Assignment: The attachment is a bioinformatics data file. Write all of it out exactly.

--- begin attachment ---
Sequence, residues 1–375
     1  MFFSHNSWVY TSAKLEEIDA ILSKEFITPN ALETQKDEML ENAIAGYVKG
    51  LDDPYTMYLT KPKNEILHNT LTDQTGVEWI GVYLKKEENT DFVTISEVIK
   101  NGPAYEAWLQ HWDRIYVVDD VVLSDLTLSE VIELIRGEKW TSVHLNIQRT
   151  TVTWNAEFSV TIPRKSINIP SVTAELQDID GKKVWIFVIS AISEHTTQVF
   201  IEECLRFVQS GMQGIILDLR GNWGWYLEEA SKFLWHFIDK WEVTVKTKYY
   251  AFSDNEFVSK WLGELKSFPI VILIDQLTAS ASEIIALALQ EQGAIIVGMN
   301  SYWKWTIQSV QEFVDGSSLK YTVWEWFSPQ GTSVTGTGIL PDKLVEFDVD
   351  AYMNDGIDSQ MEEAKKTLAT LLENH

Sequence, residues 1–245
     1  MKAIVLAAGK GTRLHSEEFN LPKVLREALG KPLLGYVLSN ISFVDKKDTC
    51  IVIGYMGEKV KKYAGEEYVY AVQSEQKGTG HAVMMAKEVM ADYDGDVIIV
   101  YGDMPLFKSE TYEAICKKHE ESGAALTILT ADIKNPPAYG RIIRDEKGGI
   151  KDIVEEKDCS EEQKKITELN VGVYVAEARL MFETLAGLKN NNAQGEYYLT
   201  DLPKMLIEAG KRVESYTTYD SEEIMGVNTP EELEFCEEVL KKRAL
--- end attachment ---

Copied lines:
Sequence, residues 1–375
     1  MFFSHNSWVY TSAKLEEIDA ILSKEFITPN ALETQKDEML ENAIAGYVKG
    51  LDDPYTMYLT KPKNEILHNT LTDQTGVEWI GVYLKKEENT DFVTISEVIK
   101  NGPAYEAWLQ HWDRIYVVDD VVLSDLTLSE VIELIRGEKW TSVHLNIQRT
   151  TVTWNAEFSV TIPRKSINIP SVTAELQDID GKKVWIFVIS AISEHTTQVF
   201  IEECLRFVQS GMQGIILDLR GNWGWYLEEA SKFLWHFIDK WEVTVKTKYY
   251  AFSDNEFVSK WLGELKSFPI VILIDQLTAS ASEIIALALQ EQGAIIVGMN
   301  SYWKWTIQSV QEFVDGSSLK YTVWEWFSPQ GTSVTGTGIL PDKLVEFDVD
   351  AYMNDGIDSQ MEEAKKTLAT LLENH

Sequence, residues 1–245
     1  MKAIVLAAGK GTRLHSEEFN LPKVLREALG KPLLGYVLSN ISFVDKKDTC
    51  IVIGYMGEKV KKYAGEEYVY AVQSEQKGTG HAVMMAKEVM ADYDGDVIIV
   101  YGDMPLFKSE TYEAICKKHE ESGAALTILT ADIKNPPAYG RIIRDEKGGI
   151  KDIVEEKDCS EEQKKITELN VGVYVAEARL MFETLAGLKN NNAQGEYYLT
   201  DLPKMLIEAG KRVESYTTYD SEEIMGVNTP EELEFCEEVL KKRAL